Lost in the cacophony of rhetoric over President Obama’s stimulus plan, health care, climate change and internet neutrality initiatives, is the common thread in each issue -- making America more competitive in a 21st century economy. While the “pro-business Republicans” hope to score political points by answering “No” to each proposal, in each case their success will be at the expense of American business and our global competitiveness.
This has been especially true in dealing with issues of technology such as broadband deployment and internet neutrality (aka Net Neutrality). The U.S. has fallen significantly behind its European and Asian counterparts both in terms of broadband penetration and average download speed, ranking 24th among nations in terms of broadband subscribers and 28th in average internet connection speeds.
Why does this matter?
A 2007 Brookings Institute report found that a three percent increase in broadband penetration in the U.S. would yield nearly 900,000 jobs. In addition, because nations like Japan have download speeds that are four to eight times faster than the U.S., our overseas competitors will be able to increase productivity and deploy new technologies well ahead of their introduction into the United States. Think of it as the difference between Xbox and Pong (or in more concrete terms in the area of telemedicine it would take nearly seven hours to transfer 30 MRIs at the average U.S. broadband speed compared to only 43 minutes in Japan -- leaving them time to download all six Star Wars movies nearly 7 times.)
What is Net Neutrality and Why Should I Care?
For those of you who think of Net Neutrality as a cyber-Switzerland where web users yodel in clockwork precision (if you really cherish that image please jump to the next paragraph), it would be helpful to know that Net Neutrality is a set of basic principles prohibiting internet service providers from engaging in anti-competitive behavior or otherwise discriminating as to the extent users or technologies are given access to their network. A recent study found that countries enforcing neutrality have created a more competitive environment that fostered greater development and adoption of broadband technologies.
The Net Neutrality debate heated up last year when the Federal Communications Commission (FCC) found that cable giant Comcast violated FCC guidelines by throttling (i.e., disconnecting) users accessing file sharing sites. Last week, President Obama’s new FCC Chairman Julius Genachowski got the FCC to start the process of formalizing these guidelines and extending them to wireless platforms. Nonetheless, the Republicans reflexively opposed the initiative asserting that prohibiting internet service providers from engaging in discriminatory and anti-competitive conduct was a “government takeover of the internet;” even though the neutrality guidelines were adopted under Bush and conservative groups such as the Christian Coalition support neutrality.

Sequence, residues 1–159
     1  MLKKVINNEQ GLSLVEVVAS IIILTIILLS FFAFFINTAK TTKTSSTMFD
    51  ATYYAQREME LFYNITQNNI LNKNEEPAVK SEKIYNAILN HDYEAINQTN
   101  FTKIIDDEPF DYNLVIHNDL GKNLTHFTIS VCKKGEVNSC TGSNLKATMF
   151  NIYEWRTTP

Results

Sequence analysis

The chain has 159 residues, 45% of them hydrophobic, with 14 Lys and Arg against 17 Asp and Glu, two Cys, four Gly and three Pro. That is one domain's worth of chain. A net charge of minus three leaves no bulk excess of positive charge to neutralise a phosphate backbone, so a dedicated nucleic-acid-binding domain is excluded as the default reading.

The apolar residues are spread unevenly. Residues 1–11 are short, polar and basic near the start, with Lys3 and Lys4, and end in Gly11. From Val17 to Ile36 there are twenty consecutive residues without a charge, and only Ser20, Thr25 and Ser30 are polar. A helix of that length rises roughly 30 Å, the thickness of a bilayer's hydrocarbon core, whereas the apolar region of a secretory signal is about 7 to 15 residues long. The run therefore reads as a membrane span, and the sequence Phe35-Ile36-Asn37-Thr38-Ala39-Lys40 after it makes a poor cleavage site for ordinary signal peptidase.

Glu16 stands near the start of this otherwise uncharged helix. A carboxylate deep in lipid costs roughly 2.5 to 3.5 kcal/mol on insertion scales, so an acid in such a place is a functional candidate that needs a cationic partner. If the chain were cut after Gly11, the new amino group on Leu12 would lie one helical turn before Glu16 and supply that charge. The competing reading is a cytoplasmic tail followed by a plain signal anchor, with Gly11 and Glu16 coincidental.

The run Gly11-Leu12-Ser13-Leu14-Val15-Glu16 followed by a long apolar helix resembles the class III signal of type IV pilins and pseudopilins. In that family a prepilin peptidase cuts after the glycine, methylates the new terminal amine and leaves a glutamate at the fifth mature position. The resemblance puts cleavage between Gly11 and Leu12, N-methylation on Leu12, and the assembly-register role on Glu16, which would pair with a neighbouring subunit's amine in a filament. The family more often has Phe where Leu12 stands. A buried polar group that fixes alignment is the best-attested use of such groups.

What’s the Connection to Climate Change?
Given their mantra of “drill baby drill,” the same phenomenon is occurring in the debate over climate change legislation. The GOP’s petrol-colored glasses blind them to the vital role green tech will play in 21st century economic growth. The House bill is projected to create 1.7 million green tech jobs, as investments in clean energy yield four times as many jobs as investment in the oil and gas industry. Although dismissed by Republicans as “paper mache” jobs, they include many manufacturing jobs since, for example, a single wind turbine contains up to 400 tons of steel, along with 8,000 parts from copper wire, gearboxes and ball bearings to electronic controls.
Currently the United States remains atop Ernst & Young’s Renewable Energy Country Attractiveness Index, but the gap is getting smaller. Under President Bush, a $12 billion surplus in green trade dropped to an $8.9 billion deficit. This deficit is largest in Asia where China (which has jumped from 11th to 2nd on the E&Y Index), is outspending the U.S. six to one in green tech and its neighbor South Korea has launched an $85 billion “Green New Deal” that it projects will generate 1.8 million green jobs.
The paradox of China’s dismal past record on the environment is that it is fast becoming a huge market for green tech and will reach $1 trillion in four years. GOP lawmakers, however, seem willing to cede this market to the Chinese and other competitors.
In opposing these internet and green tech initiatives, the GOP is being pro-“special interest”, not pro-business. While they will attempt to obscure this important debate with political buzz words, ultimately this debate boils down to whether we are going to be the nation that summoned its resources through efforts like the Manhattan and Apollo projects to not only meet the challenges of a new era but be at the forefront of innovation -- or whether we will be content simply playing Pong.
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